Hanko culture in peril

As we reported earlier, the coronavirus pandemic has deepened concerns over Japan's traditional reliance on analog hanko seals for approving and signing documents, prompting the Abe administration to consider reviewing the hanko system in order to promote telework.

Naturally, any change in the system has a direct impact on the shops and companies involved in making hanko seals. Some of them may understandably feel apprehensive about a future where analog seals are no longer de rigueur. But being resigned to an uncertain fate is not the only possible reaction to the crisis.

One hanko shop in Hiroshima has decided to take a stand.

Irie Meishōdō Hanko Shop

Irie Meishōdō Co., Ltd. 株式会社入江明正堂 has been making high-quality hand-carved hanko seals within Hiroshima and beyond for a century. They also accept orders for rubber stamps and all manner of other hanko and stamp products.

They pride themselves on the fact that they have provided seals to the Imperial Family and they currently employ the services of Yoshiaki Yamamoto 山本佳明, a first-class seal engraver 一級印章彫刻技能士 with over 30 years of experience who studied under master Suisei Irie 入江水聲, recognized as one of the top 100 seal engravers of Japan.

Free digital hanko designs

Realizing that teleworkers are in desperate need of digital hanko during the pandemic, and cognizant of the problems arising from Japan's current hanko system now and in the future, Ryōta Irie, CEO of Irie Meishōdō Co., Ltd. has come up with a generous offer:

From now until the end of May, anyone in need of a digital hanko can send in a request online and they will receive an originally designed digital hanko completely free of charge. This offer is not packaged with another purchase and comes with absolutely no strings attached. Master engraver Yamamoto will personally create the design with his own calligraphy, which will then be digitized and converted into a digital hanko according to your specifications.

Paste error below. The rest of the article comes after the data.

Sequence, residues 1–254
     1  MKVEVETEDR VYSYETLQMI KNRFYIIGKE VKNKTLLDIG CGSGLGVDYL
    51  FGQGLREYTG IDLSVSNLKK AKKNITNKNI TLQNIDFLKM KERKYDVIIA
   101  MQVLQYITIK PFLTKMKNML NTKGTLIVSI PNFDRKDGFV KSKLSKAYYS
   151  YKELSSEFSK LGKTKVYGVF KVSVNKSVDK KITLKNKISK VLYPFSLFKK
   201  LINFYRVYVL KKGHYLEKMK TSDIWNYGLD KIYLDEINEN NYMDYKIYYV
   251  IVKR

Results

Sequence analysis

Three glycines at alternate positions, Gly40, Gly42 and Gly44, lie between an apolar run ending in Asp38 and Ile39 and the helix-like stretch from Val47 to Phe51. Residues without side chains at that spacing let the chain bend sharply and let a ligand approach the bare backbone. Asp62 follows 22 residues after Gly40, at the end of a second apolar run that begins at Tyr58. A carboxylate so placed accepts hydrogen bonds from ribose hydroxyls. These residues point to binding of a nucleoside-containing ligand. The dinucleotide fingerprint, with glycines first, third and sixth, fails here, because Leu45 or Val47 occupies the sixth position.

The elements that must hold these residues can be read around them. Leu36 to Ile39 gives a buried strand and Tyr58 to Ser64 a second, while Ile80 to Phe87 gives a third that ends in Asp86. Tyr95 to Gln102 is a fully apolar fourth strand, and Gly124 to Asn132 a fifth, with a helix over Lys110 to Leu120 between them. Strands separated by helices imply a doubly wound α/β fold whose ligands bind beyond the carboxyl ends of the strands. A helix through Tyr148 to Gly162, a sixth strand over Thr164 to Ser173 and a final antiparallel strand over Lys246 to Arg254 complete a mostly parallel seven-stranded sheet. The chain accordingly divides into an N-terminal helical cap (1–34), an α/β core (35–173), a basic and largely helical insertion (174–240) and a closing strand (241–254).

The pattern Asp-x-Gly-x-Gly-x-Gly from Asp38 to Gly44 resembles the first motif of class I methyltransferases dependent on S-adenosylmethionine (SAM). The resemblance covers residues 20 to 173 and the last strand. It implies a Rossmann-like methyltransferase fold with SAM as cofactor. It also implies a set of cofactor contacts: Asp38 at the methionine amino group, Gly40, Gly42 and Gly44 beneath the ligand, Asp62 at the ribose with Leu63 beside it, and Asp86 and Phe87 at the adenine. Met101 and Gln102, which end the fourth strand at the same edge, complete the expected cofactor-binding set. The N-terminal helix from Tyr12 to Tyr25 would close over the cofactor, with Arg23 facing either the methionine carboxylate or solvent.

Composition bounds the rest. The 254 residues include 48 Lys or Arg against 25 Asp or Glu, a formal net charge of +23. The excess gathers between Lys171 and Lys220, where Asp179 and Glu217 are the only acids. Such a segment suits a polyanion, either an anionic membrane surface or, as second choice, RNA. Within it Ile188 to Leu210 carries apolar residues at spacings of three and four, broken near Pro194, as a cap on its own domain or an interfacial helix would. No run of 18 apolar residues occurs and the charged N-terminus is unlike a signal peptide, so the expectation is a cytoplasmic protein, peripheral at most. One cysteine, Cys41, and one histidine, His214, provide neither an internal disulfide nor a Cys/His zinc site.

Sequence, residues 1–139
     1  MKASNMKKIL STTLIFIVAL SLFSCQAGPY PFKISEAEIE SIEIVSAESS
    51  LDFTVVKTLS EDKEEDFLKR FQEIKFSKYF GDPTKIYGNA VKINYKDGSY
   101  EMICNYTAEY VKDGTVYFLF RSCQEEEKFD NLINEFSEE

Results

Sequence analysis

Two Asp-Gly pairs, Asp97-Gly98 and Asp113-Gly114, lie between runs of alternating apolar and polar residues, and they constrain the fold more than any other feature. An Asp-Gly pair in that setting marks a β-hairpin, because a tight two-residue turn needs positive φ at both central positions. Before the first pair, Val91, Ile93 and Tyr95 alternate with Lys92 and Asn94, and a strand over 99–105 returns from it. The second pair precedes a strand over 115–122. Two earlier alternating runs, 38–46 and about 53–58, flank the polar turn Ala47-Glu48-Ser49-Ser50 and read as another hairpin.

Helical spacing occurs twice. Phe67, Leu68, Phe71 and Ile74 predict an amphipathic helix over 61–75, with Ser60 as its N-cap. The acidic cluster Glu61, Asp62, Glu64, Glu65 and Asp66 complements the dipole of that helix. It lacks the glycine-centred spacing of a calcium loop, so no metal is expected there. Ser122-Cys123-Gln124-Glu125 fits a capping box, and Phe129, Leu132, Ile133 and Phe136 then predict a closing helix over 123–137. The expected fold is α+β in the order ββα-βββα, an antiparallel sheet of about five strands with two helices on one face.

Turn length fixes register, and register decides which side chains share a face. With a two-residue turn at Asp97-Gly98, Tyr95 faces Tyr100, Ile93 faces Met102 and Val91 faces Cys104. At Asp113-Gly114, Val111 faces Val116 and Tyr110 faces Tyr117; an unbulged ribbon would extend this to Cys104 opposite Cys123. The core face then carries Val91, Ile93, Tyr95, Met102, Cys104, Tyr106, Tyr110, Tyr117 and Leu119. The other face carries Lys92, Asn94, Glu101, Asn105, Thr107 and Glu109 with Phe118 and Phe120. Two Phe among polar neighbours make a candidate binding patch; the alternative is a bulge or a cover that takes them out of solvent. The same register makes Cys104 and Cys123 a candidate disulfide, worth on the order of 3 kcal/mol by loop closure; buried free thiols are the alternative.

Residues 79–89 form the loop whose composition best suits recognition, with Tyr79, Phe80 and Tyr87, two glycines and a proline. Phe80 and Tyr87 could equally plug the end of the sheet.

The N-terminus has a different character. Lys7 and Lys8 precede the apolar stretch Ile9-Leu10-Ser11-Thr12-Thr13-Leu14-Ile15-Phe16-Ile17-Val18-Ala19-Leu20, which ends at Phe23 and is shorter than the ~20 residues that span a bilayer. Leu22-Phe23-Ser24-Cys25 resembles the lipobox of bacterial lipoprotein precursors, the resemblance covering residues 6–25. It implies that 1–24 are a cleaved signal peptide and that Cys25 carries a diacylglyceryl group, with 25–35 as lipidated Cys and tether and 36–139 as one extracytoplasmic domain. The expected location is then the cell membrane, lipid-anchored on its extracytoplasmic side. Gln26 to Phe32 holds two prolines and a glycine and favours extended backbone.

As Mr. Irie explains in his company's press release, typical digital hanko stamps in circulation are generated with software using fonts or even based on the user's own handwriting, often resulting in seals which lack in originality and a sense of good design, not to mention look amateurish. Moreover, if you're using one for digital contracts, it's important to have a digital hanko which cannot be easily imitated and which reflects well on you or your company through good design.

As you can see in the image below, a well-designed hanko looks good when you use it in official documents:

Here is a close-up of a few more sample designs:


  • Style: mitome-in 認印 circle type (square kaku-in 角印 corporate seals or company representative seals are not accepted)
  • Content: last name only, last name and the first kanji of the first name, etc.
  • Varieties: 10.5 mm, 12 mm, 13.5 mm, 15 mm circular, 11.5 mm long (oval), or 9 mm mini
  • Graphic dimensions: 400 px X 400 px
  • File size: under 512 kb

Although the press release makes no mention it, there's no reason a foreign national can't benefit from the service if they have a kanji alias.

How to request a free digital hanko

To apply for your free digital hanko, visit the special page at Irie Meishōdō Co., Ltd. (instructions are in Japanese only).

By - Ben K.